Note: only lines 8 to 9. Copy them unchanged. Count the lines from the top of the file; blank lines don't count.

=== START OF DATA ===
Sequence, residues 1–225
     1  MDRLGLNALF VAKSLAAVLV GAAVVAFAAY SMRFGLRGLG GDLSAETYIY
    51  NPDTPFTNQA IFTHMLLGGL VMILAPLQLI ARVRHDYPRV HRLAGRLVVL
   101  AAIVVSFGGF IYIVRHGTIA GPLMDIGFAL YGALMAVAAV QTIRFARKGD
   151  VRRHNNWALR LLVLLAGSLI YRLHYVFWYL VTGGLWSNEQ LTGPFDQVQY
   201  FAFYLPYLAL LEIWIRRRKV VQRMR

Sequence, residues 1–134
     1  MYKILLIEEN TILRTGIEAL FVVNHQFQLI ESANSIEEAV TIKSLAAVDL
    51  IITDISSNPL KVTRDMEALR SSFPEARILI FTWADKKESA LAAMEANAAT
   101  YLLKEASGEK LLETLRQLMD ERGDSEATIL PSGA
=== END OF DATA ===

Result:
     1  MYKILLIEEN TILRTGIEAL FVVNHQFQLI ESANSIEEAV TIKSLAAVDL
    51  IITDISSNPL KVTRDMEALR SSFPEARILI FTWADKKESA LAAMEANAAT